Madeleine Albright: Women Can Have It All, Just Not at the Same Time

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Madeleine Albright.
Madeleine Albright. Photo: Jori Klein/The New York Public Library

Last night two of the most powerful women in American history, Sandra Day O'Connor and Madeleine Albright, sat down for a conversation at the New York Public Library with Anne-Marie Slaughter. The discussion ranged from OConnor's take on the greatest threat to American democracy (falling educational standards) to Albright’s favorite lapel pin (a snake), but, inevitably, it was steered toward the question of our time: Can women have it all?

Albright's answer wasn't entirely encouraging. “I do think women can have it all,” she said, “but not all at the same time. Our life comes in segments, and we have to understand that we can have it all if we're not trying to do it all at once."

The former secretary of State’s personal history would seem to inform this viewpoint. Married for 22 years and raising three daughters, it wasn’t until after her divorce that she began to focus on the potential of her career. Even when that potential was realized, Albright says she faced gender biases that saw familial duties as the woman’s domain. In one instance, while taking care of some business on the Hill as secretary of State, she was called upon to organize a carpool for her kid’s school, prompting her to ask, “What in God’s name does a woman have to be so that she doesn’t have to worry about the carpool?”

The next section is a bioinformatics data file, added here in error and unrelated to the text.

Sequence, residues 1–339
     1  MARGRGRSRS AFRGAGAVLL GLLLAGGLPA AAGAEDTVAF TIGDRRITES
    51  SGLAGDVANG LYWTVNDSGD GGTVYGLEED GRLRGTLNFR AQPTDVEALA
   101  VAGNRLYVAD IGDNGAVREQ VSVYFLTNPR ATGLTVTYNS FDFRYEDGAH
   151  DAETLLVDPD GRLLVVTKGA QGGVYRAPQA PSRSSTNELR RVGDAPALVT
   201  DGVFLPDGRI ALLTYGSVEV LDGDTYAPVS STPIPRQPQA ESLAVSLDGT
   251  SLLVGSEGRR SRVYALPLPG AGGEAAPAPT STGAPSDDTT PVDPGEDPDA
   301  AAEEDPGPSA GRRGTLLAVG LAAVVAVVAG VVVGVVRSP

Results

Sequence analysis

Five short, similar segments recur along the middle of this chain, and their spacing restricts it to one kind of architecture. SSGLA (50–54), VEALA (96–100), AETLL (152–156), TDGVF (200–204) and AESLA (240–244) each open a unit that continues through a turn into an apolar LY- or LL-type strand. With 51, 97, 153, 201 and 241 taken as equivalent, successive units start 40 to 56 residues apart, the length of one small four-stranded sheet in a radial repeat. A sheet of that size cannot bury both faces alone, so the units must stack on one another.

Toward the end of the night the discussion became more terse, and it became clear O’Connor was both for having it all and for having no more. She told Slaughter, "Anne-Marie, you've run out of time," and that effectively wrapped up the event. Noticeably absent from the talk was what O’Connor thought of the Supreme Court’s marriage-equality cases, although the former justice did say she wished “she was there this week” — but just to watch.